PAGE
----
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Shawn Herrick is planning on creating a worldwide marketplace headquartered right here in Jamestown. Herrick is principal owner of Prairie Grit, which launched its online presence recently. "What it is is an online marketplace," he said, defining the operation. "A place to buy and sell goods, much like eBay or Etsy." Sellers consign goods to eBay and buyers can make bids through an online auction process or purchase the item immediately. Etsy offers similar services but focuses on art items and handmade crafts.
A new form of charitable gaming could receive final approval later this summer, although gaming operators in Jamestown question whether it might be feasible for their operations. “It all depends on the rules and regulations,” said Dennis Rexin, manager of the Knights of Columbus Hall in Jamestown which operates 16 gaming sites in the region.
The use of new garbage containers in the city of Jamestown may be reducing the volume of lawn clippings and yard waste going into the landfill, saving the city money, said Roger Mayhew, sanitation foreman for the city of Jamestown. "The city was losing tens of thousands of dollars every year because of the amount of space it (lawn clippings) took up in the landfill," he said.
Making a left turn from Interstate 94 onto U.S. Highway 281 at exit 258 will get a little easier this summer, according to Nathan Holland, assistant district engineer for the North Dakota Department of Transportation. Holland said bids will be opened later this week for a project to add traffic signals at the north and south end of the overpass. The signals will be synchronized with the existing traffic signals at 17th Street Southwest and 25th Street Southwest.
The city of Jamestown could learn in June if a grant application for a project to reduce the number of traffic lanes through the downtown is approved, according to Travis Dillman, project engineer for Jamestown with Interstate Engineering. The $3.1 million project includes upgrades to traffic signals and some aesthetic enhancements downtown. It also includes a reduction in traffic lanes on First Avenue. Referred to as a "lane diet" or "road diet," it would reduce the current four lanes to three with one lane in each direction and a center turning lane, he said.
People renewing a driver's license later this month can opt for a "REAL ID" that meets new federal guidelines, according to Glenn Jackson, director of the driver's license division of the North Dakota Department of Transportation. "As of Oct. 1, 2020, if you don't have a REAL ID credential you will not be able to board a domestic flight or enter a military or federal installation," he said.
The first month of the residential recycling program in Jamestown has exceeded expectations, according to Ralph Friebel, owner of the Recycling Center of North Dakota. "It's going really well," he said. "We've had good participation, clean material and we're receiving fewer and fewer calls everyday." Residential collections of recyclable materials started in Jamestown on April 2 after several delays pushed implementation back from the original July 1, 2017, start.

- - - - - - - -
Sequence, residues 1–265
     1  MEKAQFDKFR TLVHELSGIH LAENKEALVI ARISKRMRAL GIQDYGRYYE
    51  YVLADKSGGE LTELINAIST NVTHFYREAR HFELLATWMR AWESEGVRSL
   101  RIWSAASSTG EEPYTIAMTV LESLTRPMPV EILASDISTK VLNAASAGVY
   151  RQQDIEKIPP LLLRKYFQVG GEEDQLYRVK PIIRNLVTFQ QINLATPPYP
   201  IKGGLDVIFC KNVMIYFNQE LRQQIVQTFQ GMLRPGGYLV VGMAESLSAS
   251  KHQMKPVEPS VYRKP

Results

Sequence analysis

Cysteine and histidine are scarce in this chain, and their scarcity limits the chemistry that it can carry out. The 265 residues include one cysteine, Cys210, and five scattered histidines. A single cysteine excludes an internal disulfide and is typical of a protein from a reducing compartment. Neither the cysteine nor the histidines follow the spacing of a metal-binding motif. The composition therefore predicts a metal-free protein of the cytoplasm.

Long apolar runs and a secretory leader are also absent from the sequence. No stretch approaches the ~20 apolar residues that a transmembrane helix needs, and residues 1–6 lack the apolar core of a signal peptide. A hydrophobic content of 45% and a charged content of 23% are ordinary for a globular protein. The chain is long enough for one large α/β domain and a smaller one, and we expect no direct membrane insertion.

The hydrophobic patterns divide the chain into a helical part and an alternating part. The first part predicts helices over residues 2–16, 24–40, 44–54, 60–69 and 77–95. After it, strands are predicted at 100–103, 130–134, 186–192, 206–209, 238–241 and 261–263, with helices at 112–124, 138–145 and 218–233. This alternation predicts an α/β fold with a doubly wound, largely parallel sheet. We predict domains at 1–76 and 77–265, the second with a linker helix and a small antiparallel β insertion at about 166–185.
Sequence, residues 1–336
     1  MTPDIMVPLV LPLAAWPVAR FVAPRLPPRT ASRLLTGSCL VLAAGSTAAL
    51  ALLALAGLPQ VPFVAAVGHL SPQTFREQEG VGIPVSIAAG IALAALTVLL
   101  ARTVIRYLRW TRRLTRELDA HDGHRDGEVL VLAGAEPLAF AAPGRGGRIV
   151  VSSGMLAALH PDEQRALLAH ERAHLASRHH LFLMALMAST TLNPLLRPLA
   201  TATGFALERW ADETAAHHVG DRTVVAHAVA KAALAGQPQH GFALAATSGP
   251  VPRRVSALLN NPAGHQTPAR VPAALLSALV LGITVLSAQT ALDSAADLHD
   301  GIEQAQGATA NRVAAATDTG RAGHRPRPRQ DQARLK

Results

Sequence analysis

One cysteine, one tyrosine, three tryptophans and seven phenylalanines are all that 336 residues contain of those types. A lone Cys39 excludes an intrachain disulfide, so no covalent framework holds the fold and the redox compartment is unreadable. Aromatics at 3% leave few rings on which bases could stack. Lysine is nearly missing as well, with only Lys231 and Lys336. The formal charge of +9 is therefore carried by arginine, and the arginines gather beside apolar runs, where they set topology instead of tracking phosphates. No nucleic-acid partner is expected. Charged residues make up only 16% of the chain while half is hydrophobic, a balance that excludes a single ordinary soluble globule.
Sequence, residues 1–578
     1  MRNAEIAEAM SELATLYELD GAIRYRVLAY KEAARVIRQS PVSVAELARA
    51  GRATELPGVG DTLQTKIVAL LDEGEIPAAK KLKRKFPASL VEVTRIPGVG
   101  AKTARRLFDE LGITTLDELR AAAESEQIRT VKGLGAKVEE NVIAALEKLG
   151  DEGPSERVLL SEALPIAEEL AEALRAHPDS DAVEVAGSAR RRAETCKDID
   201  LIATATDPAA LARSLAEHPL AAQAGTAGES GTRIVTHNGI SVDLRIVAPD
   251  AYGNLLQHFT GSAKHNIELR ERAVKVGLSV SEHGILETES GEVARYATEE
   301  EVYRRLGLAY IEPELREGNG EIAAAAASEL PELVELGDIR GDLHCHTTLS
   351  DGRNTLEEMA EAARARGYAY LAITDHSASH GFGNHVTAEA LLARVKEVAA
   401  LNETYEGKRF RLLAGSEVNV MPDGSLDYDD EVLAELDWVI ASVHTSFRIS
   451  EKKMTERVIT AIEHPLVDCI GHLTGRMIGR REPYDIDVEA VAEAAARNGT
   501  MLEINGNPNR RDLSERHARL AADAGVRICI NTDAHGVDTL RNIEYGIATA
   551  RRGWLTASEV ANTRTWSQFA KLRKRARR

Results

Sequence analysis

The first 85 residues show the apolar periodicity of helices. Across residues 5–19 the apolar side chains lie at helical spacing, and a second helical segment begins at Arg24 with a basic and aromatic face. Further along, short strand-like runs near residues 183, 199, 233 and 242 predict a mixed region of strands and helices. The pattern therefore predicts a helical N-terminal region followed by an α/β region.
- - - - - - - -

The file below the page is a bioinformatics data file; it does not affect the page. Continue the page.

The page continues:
EDGELEY, N.D.—Three cities in south central North Dakota received a windfall of $125,000 each Tuesday from NextEra Energy Resources. The payments were made to Edgeley, Kulm and Ellendale. The communities are located near the Foxtail Wind Farm that NextEra developed and recently sold to Xcel Energy. Construction is planned to begin on the Foxtail Wind project later this month. The project includes 75 turbines with a capacity of 150 megawatts. Preliminary cost estimates for the project are about $276 million with a planned project completion by the end of 2019.
A project that has been in the works for over a year to clear fallen trees and other debris from the James River could be completed this summer, according to Travis Dillman, project engineer for Interstate Engineering. Dillman said the project is still in the design stage, but the intent was to have the work done during the late summer or fall. Trees, snags and other debris in the river slow the flow of water and can contribute to flooding in a year where potential flooding requires high releases from Jamestown and Pipestem dams, Dillman said.
The transition from winter to spring has come in an "orderly" fashion, according to Allen Schlag, hydrologist with the National Weather Service in Bismarck. "It has been orderly and beneficial to ag users," he said. "We know there was a lot of snow up north that is not showing up in the streams. It could evaporate or soak into the ground. I think a lot soaked into the ground and should benefit soil moisture for the upcoming growing season."